Beginner Language

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  • #26
DrDu
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I started programming some 35 years ago in high school using basic on a pdp-11, learned pascal on an apple 2e, used fortran77 during my study and thesis. In the last years I was mostly doing statistical programming with SAS (Stress And Suffer, not recommended) and used Fortran 90, Java and Python for some spare time projects.
My advice is the following: If you are going to do heavy numerical work, C, C++ or maybe Fortran90 is the way to go. If you are going to do a thesis in engineering or physics, you probably will spent most of the time diagonalizing big matrices and these languages are fast. If you are working in a field touching life sciences, you will probably need scripting languages like perl, python in combination with C.
In the outside world, most people are working on shared applications, e.g. for the web, data storage etc. and the faster number crunching languages are of little market value. You need to know there object oriented languages like java and phython (which also has some nice statistics packages called Panda) and others who are more modern than I.

Python may be quite a good starting point as it has a readable syntax, comes with handy packages for almost everything.
I would recommend not to rely on an IDE for the beginning, but at least to use a classical editor for the first steps.
This doesn't leave you completely helpless when you have to change a program in some other language on a remote computer via a vt100 terminal.
Personally, I don't understand why so many persons are using Matlab. It is slow and quite expensive if you aren't a student.
 
  • #27
f95toli
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Personally, I don't understand why so many persons are using Matlab. It is slow and quite expensive if you aren't a student.
Matlab isn't nearly as slow as most people think. Most of the time the time consuming bits (e..g actually solving a ODE or inverting a matrix) are are actually done by functions that are coded in C. Matlab actually uses some very well-optimized libraries "under the hood" (LINPACK, FFTW etc) and with the parallel programming toolbox you can also use multiple cores and GPU accelerated commands. Nowadays you can also get away with using loops since the JIT compiler is reasonably efficient if you think a bit about how you write the program (I've been using Matlab for about 20 years, loops were very horribly slow until they introduced the JIT compiler in 2004 or whenever it was).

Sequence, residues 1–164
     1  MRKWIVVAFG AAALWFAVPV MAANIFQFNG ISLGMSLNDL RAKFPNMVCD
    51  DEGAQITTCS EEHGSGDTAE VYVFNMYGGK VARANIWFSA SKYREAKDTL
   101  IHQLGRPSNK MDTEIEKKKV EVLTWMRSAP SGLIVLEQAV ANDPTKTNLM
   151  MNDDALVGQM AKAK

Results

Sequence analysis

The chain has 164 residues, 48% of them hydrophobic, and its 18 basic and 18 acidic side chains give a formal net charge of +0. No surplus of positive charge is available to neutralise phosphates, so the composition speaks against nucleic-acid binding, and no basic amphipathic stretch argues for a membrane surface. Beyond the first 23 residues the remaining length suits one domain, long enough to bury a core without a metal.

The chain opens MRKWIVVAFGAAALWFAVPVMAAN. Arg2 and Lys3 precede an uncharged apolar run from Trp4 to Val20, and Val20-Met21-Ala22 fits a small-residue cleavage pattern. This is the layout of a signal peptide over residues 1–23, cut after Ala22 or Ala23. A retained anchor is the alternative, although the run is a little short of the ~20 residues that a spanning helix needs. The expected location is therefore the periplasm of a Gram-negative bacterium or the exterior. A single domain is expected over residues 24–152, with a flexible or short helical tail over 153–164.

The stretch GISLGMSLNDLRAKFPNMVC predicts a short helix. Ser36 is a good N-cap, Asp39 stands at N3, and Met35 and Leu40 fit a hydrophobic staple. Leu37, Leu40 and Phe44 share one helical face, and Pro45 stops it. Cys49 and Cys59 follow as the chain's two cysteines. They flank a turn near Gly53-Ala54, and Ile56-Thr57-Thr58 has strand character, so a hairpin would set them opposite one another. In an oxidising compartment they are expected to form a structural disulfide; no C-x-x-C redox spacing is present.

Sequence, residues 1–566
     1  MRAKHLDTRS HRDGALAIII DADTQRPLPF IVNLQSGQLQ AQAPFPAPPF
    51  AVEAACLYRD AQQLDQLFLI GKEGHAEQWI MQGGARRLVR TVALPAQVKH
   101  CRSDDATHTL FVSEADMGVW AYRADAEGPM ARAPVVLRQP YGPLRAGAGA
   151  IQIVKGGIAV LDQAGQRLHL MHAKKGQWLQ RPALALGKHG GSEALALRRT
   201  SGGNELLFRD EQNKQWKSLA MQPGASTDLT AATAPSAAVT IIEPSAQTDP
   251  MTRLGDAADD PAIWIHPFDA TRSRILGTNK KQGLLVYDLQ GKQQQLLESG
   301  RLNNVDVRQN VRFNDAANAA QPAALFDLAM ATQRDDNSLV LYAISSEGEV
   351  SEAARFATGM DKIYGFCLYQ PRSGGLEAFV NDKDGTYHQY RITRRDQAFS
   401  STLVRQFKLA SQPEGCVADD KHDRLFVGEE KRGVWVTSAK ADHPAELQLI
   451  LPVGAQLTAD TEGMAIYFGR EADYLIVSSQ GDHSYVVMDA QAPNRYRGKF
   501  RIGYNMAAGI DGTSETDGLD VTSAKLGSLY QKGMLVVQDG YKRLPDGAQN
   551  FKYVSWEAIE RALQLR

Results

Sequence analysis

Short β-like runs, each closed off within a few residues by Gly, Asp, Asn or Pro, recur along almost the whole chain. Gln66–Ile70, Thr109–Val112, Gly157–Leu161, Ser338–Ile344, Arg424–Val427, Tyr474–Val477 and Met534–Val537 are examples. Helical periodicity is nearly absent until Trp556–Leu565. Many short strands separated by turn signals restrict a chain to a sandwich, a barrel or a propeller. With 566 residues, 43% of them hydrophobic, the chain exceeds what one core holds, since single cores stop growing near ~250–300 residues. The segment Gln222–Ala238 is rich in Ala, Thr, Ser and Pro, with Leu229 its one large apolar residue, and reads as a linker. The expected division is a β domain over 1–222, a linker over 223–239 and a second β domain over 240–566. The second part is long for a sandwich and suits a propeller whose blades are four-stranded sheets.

That said, I don't consider Matlab to be a proper programming language; it is a scripting language for doing numerical calculations and is simply too different from a conventional language . Hence, I would also vote for Python as first language. I would stay away from C as a first language, it is too easy to get into bad habits and it is also a bit outdated (although still widely used). C++ or perhaps C# would be a better option but perhaps it would be best to start with Python.
 
  • #28
jtbell
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Either way I'd recommend a simple environment (command-line compiler, lightweight text editor) to start with.
Agreed. Sophisticated integrated development environments (IDEs) are valuable for managing large programs with lots of modules, subroutines and/or files. However, in the beginning they add another level of complexity beyond the language syntax and semantics issues that the student should be focusing on. I taught two-semester intro programming courses for many years, that used command-line tools and a simple text editor. I still use such tools for my personal programming.
 
  • #29
mheslep
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Agree. For instance, there is a big speed difference for the ones targeted for physics calculations. MATLAB is SLOW (maybe 100 times slower than C). ...
That depends. MATLAB can be hard to beat for some large matrix operations, say inverting a 1k x 1k. MATLAB's code is optimized for that kind of thing, I suspect running LAPACK/BLAS internally, and on a multicore machine it will run the operation in parallel across the cores. Doing all that in C, or in anything else, takes some work.
 
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